Takeways from the 2016 North American Passive House Conference

We just got back from the PHIUS national conference in Philadelphia. It was quite well attended, with a broad array of topics covered.  These conferences are no longer focused simply upon how to do build one, but have become much more specialized and look at all the various aspects of what goes into a Passive House. They are also looking at other building types that are now employing Passive House design principles – multifamily housing, office buildings, schools, and even high rises. We have come a long way!

Takeaway 1: The biggest takeaway, I have to say, is Izumi’s: she went through the day-long training for the new PHIUS WUFI+ energy modeling software. Quite rigorous. She has immediately put it to work on a current project in the office. Matt learned this software when he did his PHIUS training. So that leaves me as only one who hasn’t made the shift to the new WUFI+.

Takeaway 2: Spray foams aren’t as bad as we thought. Several years ago Alec Wilson of BuildingGreen published an article positing that the global warming potential of the gases in the blowing agents far out outweighs the savings in CO2 emissions that these products give you. Bailes examined the assumptions of Wilson’s calculations and made a strong case that the issue is not quite so black and white. His argument is that the EPS and XPS foams’ savings in emissions actually exceed the environmental cost of the gases in the blowing agents when you apply it in thicknesses of roughly R-20 or less. This is based upon the declining increase in R-value with each extra inch you add. He did not address other issues around the foams: the lethal gases produced if they catch fire, and the fact that they are fossil fuel based. The takeaway for me:  yes, it is ok to use these products in small amounts where there is not another alternative insulation system that would work (such as some retrofit situations). The exception is XPS insulation (extruded polystyrene–eg: Styrofoam) for which one can always substitute the more benign EPS (expanded polystyrene) insulation. To learn more, read Allison Bailes’ article, which also references the Alex Wilson study.

Takeaway 3: … and cellulose insulation isn’t as perfect as we thought. Prudence Ferreira gave a very detailed review of the performance of different insulation types in various climates with regard to mold and wood rot. Her studies taught her that cellulose insulation—either loose or densepacked—tends to hold moisture longer than other insulations. This can become a problem at the outside edge of your insulation cavity where moisture can accumulate and remain if the surface bounding the outside face of the insulation (usually the building sheathing) gets cold enough. What it tells me for our climate is that we always need to have rigid insulation on the outside face of our sheathing to keep it from getting too cold and causing these problems. Luckily, that has been our practice to date. A wall that would not work well in our climate, for example, would be a double stud wall with nothing outside it. Even though the wall might be 10” thick and achieve tremendous R-values, it could develop moisture problems at the interior face of the sheathing.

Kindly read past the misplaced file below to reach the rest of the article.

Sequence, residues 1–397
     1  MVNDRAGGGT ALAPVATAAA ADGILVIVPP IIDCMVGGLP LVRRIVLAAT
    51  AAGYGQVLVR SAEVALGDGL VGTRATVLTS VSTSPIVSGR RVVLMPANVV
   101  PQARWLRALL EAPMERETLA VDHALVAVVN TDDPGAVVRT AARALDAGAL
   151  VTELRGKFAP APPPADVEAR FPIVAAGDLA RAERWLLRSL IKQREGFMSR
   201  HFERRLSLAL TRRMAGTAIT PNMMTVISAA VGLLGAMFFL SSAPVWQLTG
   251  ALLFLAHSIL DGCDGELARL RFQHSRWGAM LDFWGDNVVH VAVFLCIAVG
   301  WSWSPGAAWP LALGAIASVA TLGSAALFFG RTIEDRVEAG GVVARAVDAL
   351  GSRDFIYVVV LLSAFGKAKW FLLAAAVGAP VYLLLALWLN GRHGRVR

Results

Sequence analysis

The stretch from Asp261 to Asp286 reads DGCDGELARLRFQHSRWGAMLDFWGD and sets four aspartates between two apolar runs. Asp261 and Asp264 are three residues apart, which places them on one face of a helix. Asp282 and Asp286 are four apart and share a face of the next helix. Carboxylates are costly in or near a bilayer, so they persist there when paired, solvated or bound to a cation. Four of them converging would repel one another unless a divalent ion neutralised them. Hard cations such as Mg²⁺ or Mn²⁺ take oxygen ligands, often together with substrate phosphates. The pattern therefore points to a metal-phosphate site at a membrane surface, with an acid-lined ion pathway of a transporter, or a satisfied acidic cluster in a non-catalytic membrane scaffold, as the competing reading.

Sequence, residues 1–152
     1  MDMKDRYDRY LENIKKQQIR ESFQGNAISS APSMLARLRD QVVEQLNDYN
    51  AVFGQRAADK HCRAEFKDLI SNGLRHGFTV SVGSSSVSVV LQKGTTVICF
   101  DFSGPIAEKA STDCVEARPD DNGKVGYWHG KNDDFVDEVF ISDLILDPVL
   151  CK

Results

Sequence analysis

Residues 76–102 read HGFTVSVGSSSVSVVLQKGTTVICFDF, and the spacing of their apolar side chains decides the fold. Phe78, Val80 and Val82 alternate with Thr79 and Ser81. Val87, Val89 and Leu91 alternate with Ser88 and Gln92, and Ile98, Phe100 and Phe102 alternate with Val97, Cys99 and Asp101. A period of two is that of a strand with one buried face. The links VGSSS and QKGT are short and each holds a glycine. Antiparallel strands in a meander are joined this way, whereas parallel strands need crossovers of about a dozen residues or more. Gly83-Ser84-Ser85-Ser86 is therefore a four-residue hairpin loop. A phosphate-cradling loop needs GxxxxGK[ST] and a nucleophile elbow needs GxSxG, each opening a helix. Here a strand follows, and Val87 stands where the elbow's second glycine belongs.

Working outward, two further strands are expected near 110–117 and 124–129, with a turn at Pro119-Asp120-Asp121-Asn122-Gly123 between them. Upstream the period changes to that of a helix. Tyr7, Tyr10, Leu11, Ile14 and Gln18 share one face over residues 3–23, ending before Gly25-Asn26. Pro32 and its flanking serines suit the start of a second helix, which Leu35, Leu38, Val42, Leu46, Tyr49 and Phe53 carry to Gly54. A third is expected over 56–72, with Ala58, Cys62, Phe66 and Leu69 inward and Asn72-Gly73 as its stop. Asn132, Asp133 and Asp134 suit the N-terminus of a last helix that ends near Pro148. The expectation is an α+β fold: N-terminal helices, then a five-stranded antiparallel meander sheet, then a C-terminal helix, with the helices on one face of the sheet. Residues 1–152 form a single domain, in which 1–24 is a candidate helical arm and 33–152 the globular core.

Takeaway 4:Hybrid AC-DC microgrids are coming. Terry Hill, who sits on the board of both PHIUS and the non-profit EMerge Alliance, moderated a very interesting panel including  Brian Patterson, the founder of the the EMerge Alliance and Tim Martinsson, CEO of Power Analytics a leading firm in microgrid design. We learned of the latest  developments in microgrid technology and products and their application to individual buildings. We are working with both of these groups in trying to develop a case study project for a home powered by a hybrid microgrid. I’ll be blogging more on this later.